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Andrew g Morgan
Edward Lewis French,
Cthulhu is an amateur production shot in Canberra, Australia in 1996 and '97. It has shown at a number of festivals, but has never been released to theatres. A burn on demand option is available through Amazon. This production should not be confused with the commercial 2007 U.S. film of the same name.
Cthulhu is an an amateur production shot with a single 16 mm camera using tails and excess film stock. It has no professional actors (you can often see them reading their lines), no closeups, little story coherence, no colour matching, and (it seems) no second takes. Apart from some gunshot squibs and and an exploding car, the SFX comprise single screen hand-drawn monsters and extremely crude polarization effects. The claim made on IMDb that it had a $100,000 budget is wishful thinking of the most extreme kind.
Cthulhu's plot is a pastiche drawing on the Cthulhu mythos of H.P. Lovecraft; in particular the tales 'The Thing on the Doorstep', 'The Dunwich Horror', 'Shadow over Innsmouth' and 'The Call of Cthulhu'. Coherence is sacrificed as so many elements are crammed in.
The most interesting aspect of the film is its use of Canberra locales, including the now demolished Canberra Hospital as Arkham Asylum and The Australian National University as Miskatonic U. The results are often unintentionally hilarious, such as a Belconnen second-hand bookstore selling rare occult medieval manuscripts. The exploding car has nothing to do with the story, but was the result of the SFX consultant mentioning how it might be done. The catering budget was emptied to buy a $200 car shell from a wreckers, and the director went door-to-door to farms outside Canberra asking for permission to blow up a car in a paddock.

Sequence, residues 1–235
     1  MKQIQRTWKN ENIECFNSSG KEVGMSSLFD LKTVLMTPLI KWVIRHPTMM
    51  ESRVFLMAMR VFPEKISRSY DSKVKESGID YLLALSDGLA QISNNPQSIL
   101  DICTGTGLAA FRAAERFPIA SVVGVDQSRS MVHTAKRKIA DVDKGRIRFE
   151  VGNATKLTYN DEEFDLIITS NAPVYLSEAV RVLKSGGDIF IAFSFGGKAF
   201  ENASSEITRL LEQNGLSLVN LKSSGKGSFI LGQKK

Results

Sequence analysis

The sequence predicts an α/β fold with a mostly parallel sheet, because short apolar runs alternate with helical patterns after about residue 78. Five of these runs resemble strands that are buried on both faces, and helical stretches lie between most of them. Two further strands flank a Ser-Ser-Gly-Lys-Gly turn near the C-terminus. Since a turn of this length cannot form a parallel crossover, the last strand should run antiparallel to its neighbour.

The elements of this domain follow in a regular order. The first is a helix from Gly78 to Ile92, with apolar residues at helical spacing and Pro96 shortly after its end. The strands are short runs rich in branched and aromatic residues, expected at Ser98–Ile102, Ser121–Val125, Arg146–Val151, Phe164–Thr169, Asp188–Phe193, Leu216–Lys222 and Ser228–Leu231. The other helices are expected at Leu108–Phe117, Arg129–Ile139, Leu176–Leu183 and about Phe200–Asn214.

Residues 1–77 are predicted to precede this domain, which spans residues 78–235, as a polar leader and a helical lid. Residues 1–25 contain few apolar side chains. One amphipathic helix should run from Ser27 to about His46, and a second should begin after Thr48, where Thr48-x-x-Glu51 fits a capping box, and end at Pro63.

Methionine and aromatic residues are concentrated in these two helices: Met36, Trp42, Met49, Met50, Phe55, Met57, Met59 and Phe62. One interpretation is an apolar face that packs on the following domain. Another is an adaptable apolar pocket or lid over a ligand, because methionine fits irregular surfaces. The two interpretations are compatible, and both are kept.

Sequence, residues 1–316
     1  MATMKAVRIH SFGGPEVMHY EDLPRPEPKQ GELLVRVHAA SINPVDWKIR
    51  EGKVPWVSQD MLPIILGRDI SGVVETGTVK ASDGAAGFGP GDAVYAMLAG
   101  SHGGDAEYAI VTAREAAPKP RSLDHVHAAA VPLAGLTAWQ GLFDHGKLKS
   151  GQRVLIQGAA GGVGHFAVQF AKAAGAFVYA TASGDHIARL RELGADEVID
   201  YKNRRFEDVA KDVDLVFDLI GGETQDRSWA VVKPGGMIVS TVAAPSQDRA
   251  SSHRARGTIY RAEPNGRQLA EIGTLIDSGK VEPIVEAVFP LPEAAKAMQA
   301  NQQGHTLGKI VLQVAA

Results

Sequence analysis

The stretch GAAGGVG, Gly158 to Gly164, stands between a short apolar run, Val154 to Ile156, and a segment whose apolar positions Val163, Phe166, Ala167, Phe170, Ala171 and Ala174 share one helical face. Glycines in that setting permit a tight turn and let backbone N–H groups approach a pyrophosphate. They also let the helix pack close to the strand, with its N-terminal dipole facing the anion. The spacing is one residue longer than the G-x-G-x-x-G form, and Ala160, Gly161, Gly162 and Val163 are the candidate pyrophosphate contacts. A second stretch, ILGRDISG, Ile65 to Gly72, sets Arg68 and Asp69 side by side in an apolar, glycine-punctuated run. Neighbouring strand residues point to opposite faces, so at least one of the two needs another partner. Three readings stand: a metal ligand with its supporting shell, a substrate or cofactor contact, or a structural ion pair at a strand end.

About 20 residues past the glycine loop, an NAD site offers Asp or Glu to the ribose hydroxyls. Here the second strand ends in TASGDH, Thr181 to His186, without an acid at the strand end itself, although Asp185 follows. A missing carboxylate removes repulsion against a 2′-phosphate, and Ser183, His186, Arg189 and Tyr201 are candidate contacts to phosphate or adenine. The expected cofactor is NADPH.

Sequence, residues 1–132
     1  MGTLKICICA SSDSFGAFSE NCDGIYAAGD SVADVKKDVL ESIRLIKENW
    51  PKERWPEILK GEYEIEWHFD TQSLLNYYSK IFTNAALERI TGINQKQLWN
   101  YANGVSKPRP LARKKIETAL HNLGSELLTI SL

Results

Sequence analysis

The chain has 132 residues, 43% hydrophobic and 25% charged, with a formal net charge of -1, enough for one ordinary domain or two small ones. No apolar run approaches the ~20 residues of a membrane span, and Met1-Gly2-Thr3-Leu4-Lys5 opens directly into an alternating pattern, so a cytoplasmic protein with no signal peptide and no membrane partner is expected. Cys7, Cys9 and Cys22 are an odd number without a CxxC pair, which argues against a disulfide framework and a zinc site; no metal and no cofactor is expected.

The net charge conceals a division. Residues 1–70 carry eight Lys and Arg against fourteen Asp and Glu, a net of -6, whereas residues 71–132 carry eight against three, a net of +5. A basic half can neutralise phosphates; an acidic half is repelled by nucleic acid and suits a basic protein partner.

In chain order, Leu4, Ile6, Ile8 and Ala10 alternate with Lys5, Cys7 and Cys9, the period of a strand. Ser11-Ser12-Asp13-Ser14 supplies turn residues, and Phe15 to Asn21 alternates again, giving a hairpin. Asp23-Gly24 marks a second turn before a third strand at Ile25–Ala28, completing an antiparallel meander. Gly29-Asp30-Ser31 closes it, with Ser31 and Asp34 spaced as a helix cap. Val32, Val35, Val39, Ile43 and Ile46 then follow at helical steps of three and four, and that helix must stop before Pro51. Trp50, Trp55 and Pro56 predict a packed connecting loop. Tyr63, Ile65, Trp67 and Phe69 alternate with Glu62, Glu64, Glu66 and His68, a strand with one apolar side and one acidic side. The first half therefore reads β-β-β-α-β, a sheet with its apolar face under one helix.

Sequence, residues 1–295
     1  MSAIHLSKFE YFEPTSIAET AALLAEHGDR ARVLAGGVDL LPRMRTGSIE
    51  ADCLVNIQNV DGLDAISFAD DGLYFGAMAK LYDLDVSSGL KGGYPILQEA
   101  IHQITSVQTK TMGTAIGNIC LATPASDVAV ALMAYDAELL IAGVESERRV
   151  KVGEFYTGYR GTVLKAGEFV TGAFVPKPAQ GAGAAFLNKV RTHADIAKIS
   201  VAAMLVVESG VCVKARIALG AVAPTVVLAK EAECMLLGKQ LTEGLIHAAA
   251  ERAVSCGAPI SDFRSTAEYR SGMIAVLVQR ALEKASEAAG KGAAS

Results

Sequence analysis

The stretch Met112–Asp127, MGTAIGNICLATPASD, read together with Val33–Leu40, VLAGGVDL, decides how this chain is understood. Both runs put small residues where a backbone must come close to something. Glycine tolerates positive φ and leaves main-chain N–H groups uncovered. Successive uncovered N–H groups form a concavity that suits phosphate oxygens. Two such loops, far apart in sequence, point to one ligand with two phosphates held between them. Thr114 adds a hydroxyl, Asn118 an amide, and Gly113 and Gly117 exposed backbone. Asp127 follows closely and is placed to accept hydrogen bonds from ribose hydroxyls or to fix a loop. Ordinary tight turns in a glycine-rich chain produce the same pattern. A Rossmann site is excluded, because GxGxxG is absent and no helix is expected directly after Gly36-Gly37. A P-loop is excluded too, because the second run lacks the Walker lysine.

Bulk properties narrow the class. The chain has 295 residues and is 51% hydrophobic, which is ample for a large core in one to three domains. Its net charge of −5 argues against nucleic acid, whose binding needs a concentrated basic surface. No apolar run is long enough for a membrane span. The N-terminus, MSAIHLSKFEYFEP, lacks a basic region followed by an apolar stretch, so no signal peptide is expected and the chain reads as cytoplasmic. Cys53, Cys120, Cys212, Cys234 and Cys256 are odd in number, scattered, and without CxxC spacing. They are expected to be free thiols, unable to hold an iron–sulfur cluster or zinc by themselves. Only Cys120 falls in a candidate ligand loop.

The exploding car is a highlight of the film. (This says everything that needs to be said). A second highlight is the hordes of student extras morphing into inbred Innsmouth locals by the use of absurd Middlesex accents; "The trees they be a rustling'.
Cthulhu is not without its guilty pleasures, but they fall firmly into the so-bad-it's-good category. With the application of large amounts of popcorn, it might be enjoyed as a rehearsal take for a Hammer horror send up as directed by Ed Wood. Today, similar or better results could be obtained using a mobile phone.
However, the original music by Jason Sims is exceptional.
Cthulhu is a tribute to first time producer-director-scriptwriter Damian Heffernan's determination and passion to create something from nothing. I salute him. If you ever have a chance to see it, bring popcorn.
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